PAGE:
Scotland, 2019. C. Brady. Used by permission.

Isolated Multitenant SaaS

As Software-as-a-Service (SaaS) grows in each industry, in a world where everything is cloud-hosted, there are some intriguing variations on the themes of multitenant software with data isolation.

Take the time to read the Medium post from Palantir, where they state clearly that they are not a data company but a software company. This is from Palantir is not a data company (Palantir Explained, #1):

We build digital infrastructure for data-driven operations and decision making. Our products serve as the connective tissue between an organisation’s data, its analytics capabilities, and operational execution.

The company publishes and continually upgrades software in each client’s isolated instance. Their CI/CD pipeline delivers to many client production environments. This means that data isolation is a given. Each client has its own data stores, and there is no data from Palantir that is shared to multiple clients.

A different variation can be found in a financial technology company, Experian. In this case, data from Experian is added to the client’s own data. The link to their SaaS product is here:

Our platform’s unique underlying database enables business users to conduct profiling analysis and relationship discovery with incredible speed.

It’s not immediately obvious, but clients of Experian who use this software also purchase credit reporting data from Experian. Their data studio is preprogrammed to make it easy to import data that you buy from Experian.

This means that in addition to the fully isolated software instances, each client also has a well-paved road to bring in data from Experian as the data source. The Experian software loads the Experian data. Data from Experian is provided to many clients, so this data, at least, is shared data.

Another variation allows multi-tenant shared data without providing software to your clients. Snowflake, the cloud database company, offers a data exchange where the company that owns the shared data can publish that data by simply authorizing clients to link directly to the cloud-hosted database:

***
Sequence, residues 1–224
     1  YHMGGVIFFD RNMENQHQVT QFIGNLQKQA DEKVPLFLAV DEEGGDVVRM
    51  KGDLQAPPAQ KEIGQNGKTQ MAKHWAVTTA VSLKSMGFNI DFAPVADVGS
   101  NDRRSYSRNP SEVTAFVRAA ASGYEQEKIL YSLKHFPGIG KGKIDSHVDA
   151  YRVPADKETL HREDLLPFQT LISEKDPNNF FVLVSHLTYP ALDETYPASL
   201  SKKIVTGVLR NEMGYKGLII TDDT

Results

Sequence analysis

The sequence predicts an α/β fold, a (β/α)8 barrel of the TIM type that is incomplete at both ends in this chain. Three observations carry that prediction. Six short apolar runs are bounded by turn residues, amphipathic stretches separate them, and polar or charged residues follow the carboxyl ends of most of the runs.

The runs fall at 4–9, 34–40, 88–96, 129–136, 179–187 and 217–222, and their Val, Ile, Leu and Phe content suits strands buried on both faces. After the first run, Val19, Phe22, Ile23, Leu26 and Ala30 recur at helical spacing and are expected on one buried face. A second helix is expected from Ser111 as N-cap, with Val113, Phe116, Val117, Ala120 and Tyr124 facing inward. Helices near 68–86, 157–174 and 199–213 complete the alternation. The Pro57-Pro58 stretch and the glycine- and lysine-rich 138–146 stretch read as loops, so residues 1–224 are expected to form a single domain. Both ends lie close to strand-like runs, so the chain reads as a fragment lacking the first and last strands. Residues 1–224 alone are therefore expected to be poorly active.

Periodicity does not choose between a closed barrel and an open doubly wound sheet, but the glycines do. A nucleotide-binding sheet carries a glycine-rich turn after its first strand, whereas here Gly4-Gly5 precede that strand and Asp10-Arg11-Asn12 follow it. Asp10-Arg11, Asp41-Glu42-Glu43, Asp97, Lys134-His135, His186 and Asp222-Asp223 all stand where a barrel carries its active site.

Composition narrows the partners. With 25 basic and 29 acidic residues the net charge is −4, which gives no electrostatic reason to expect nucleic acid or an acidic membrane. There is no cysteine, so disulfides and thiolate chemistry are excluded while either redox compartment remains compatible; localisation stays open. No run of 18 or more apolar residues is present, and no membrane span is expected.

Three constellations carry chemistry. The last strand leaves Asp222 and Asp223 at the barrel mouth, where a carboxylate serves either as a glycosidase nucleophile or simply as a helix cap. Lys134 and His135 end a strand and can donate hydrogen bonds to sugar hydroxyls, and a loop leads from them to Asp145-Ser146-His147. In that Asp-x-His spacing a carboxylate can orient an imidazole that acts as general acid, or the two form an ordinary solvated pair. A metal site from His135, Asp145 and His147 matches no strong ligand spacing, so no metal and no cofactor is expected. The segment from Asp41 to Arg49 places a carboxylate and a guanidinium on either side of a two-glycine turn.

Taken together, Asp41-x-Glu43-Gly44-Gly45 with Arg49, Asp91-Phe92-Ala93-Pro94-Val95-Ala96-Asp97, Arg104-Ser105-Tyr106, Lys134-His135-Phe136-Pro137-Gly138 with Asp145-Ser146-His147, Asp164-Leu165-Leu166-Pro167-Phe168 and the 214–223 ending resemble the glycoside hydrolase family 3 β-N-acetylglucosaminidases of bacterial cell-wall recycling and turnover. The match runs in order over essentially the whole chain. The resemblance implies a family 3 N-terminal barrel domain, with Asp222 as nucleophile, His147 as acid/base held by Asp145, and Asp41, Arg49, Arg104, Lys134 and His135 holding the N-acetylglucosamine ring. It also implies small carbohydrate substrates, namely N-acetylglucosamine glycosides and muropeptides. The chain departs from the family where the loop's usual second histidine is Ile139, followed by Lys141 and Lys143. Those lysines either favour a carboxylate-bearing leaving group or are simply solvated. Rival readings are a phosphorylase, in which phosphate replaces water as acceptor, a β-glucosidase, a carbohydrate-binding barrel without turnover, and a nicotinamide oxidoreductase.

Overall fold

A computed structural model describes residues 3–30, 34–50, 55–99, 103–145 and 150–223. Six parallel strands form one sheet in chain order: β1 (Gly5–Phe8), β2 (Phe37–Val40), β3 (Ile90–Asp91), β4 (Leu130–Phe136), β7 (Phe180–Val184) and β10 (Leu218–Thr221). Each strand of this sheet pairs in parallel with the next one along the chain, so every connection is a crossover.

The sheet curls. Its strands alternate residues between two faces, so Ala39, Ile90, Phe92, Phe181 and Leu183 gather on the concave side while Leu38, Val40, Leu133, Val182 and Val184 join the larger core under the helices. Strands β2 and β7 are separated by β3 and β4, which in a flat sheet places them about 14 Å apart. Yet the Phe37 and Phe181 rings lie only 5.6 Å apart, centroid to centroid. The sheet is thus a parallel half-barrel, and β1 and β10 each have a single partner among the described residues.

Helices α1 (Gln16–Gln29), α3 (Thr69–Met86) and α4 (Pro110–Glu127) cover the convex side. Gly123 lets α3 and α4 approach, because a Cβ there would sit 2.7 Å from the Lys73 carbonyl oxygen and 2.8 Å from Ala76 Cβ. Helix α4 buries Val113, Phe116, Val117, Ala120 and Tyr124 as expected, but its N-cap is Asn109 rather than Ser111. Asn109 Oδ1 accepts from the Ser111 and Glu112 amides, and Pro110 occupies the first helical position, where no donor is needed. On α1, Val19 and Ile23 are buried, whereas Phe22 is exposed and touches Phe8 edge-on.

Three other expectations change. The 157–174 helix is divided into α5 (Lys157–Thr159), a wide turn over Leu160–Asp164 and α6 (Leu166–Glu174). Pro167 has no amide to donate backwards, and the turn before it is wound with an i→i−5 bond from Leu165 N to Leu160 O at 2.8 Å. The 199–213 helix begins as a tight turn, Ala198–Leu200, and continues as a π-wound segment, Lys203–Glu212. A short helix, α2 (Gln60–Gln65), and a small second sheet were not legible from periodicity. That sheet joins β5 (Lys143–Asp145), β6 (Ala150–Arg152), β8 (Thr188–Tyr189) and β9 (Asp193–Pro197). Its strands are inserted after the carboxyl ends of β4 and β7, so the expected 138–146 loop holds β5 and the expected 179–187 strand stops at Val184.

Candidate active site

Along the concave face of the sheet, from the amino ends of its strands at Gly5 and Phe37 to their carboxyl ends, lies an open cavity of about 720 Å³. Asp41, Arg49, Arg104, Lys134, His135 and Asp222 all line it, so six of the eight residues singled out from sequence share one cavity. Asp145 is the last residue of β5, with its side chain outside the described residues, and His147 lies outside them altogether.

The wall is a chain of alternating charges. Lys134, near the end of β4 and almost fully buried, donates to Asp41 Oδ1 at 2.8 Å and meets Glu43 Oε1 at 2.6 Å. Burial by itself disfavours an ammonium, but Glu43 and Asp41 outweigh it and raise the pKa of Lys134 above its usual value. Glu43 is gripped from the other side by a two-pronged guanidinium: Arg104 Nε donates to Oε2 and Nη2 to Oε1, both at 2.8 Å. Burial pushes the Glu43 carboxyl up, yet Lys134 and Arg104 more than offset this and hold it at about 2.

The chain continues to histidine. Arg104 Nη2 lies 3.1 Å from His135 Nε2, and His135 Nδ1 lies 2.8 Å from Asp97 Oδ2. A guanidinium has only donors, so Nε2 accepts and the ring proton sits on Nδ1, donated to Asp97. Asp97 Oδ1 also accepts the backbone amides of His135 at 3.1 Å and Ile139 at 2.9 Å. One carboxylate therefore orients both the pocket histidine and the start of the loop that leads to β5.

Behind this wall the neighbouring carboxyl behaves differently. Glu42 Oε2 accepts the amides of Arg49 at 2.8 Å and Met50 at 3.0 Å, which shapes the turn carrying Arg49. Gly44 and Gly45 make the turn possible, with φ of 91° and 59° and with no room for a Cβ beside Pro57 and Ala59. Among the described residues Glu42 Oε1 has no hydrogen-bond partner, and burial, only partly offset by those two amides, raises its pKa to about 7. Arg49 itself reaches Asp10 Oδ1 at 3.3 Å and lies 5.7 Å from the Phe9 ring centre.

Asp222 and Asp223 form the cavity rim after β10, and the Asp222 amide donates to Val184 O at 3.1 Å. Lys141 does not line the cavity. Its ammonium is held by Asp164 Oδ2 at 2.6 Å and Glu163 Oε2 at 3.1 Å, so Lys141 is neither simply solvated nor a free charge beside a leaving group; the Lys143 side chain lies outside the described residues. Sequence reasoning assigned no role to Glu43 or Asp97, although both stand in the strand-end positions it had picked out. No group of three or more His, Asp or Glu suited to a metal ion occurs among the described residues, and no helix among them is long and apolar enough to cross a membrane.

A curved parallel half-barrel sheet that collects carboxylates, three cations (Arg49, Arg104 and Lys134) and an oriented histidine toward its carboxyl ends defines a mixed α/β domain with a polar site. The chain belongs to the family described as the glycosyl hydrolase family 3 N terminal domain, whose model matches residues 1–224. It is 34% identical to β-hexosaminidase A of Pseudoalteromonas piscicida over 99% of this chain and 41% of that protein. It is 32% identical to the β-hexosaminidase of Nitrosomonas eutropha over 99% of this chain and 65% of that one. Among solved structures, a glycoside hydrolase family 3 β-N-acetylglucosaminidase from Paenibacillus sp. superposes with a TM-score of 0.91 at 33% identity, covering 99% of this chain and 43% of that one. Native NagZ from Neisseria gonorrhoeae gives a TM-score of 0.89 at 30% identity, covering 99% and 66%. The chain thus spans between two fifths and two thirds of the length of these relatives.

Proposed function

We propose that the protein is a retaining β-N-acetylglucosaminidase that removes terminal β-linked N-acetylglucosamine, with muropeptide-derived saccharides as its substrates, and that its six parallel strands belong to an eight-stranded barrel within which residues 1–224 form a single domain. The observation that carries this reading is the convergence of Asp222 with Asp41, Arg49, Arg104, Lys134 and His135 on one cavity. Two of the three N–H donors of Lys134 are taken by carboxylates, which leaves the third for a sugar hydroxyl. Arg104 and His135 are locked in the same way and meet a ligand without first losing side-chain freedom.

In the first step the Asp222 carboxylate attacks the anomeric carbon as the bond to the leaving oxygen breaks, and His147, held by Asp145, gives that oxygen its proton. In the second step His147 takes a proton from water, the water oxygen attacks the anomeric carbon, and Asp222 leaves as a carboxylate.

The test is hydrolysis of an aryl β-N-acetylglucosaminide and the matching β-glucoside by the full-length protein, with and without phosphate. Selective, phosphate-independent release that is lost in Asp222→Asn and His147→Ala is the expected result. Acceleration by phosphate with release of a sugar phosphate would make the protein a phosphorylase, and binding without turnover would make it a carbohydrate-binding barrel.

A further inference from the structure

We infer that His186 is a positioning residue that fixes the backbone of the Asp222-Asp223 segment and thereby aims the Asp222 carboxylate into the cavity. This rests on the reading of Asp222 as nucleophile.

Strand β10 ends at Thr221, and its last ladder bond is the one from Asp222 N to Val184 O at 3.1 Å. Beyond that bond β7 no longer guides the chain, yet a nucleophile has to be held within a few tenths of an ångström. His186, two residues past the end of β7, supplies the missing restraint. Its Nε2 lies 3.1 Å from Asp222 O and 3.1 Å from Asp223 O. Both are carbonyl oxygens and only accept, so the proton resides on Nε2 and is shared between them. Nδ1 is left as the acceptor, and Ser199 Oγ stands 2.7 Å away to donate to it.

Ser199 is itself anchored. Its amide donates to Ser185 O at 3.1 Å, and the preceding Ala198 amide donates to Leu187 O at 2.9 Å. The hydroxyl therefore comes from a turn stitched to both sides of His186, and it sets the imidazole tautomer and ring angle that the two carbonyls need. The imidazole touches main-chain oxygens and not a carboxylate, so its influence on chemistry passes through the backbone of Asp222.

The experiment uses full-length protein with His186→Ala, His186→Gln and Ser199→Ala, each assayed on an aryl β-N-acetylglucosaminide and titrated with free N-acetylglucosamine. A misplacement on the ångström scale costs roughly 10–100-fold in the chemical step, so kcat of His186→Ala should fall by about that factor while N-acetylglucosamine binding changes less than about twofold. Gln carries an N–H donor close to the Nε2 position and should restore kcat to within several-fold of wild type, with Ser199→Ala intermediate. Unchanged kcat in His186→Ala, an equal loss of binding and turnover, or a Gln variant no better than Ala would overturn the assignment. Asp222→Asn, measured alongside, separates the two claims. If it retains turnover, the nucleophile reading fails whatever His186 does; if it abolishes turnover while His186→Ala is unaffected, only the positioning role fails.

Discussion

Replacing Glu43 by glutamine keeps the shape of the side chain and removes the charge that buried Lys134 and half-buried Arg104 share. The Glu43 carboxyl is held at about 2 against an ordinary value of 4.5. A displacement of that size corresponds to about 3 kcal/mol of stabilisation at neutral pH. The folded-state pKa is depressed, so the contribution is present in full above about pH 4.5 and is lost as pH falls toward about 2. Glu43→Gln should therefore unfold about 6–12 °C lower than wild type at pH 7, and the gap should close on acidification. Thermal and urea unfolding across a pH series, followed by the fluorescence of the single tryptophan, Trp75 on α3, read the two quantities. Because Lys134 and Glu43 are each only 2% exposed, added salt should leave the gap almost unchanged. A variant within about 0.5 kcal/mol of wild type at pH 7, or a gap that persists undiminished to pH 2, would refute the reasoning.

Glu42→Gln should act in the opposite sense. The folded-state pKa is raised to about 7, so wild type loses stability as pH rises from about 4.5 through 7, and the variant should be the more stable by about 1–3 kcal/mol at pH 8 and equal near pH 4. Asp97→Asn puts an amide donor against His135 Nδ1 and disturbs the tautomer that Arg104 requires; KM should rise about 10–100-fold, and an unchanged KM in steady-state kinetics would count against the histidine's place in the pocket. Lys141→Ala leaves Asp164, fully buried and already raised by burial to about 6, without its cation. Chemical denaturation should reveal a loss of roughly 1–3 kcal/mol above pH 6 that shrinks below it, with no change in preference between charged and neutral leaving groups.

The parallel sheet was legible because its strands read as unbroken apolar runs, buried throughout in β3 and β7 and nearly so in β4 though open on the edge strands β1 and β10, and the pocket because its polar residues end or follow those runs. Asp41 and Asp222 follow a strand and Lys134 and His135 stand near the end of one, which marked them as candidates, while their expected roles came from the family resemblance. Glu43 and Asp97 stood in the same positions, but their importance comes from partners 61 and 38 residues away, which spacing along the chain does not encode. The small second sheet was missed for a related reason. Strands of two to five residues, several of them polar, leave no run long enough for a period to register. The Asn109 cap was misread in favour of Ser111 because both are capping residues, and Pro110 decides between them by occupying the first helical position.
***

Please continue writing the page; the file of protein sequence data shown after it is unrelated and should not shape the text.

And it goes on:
Replace traditional data sharing methods and eliminate the need for copying, transforming, and moving data. Instead, provide direct access to data that remains in place.

In this variant, the vendor’s shared data can be refreshed continuously and every client that has been granted access can see the latest data. Of course, if each client also happens to store their own data in a Snowflake cloud database, this means that you can literally do SQL joins from the client’s own database to the shared database from the vendor.

In an article that describes a more traditional multitenancy application architecture, Florin Coros describes how you can deploy your software to an isolated instance for one or more large clients, and serve many smaller clients through a single multitenancy instance. He describes this in the following blog post:

For example, in a scenario with one big tenant and many other small tenants we might have one database for the big tenant and one shared for the small ones.

Given the constraints of regulations surrounding privacy (GDPR, CCPA, CPRA, HIPAA, FHIR) and data localization (touched in NAFTA, TPP, and Schrems II), the emerging consensus seems to be that we will need a blend of the above variations.

That is, what is emerging is a way to solve for the following:

  1. Cloud-hosted SaaS instances where compute resources are client-owned and the software is continuously deployed by the SaaS vendor.
  2. Cloud-hosted DaaS instances that can be directly accessed in the cloud by multiple clients without cloning or copying data. These might be shared-access tables, as Snowflake provides, or data APIs that the software uses to reach shared data from the vendor within the client’s instance of the software.
  3. Client-owned data stores within the cloud-hosted SaaS instance of the vendor software. These can be fully compliant with privacy and data localization regulations.
  4. Vendor services for SaaS functions or DaaS content that can be purchased and enabled individually as needed using capabilities that the vendor’s SaaS instance provides to make this easy. This is not exactly vendor lock-in, but because it might be unreasonably difficult for SaaS clients to get those same services from third-party vendors, it’s very close to lock-in.

It’s no longer enough to distinguish SaaS and DaaS, to understand multitenancy and isolation, or to evaluate the costs & benefits to buying data and services from the same company that provides your SaaS platform. Instead, we must blend all of the above into a single deployment. That’s the future of cloud-hosted SaaS with client isolation for software and data.

Professional focus on data engineering, data architecture and data governance wherever data is valued.

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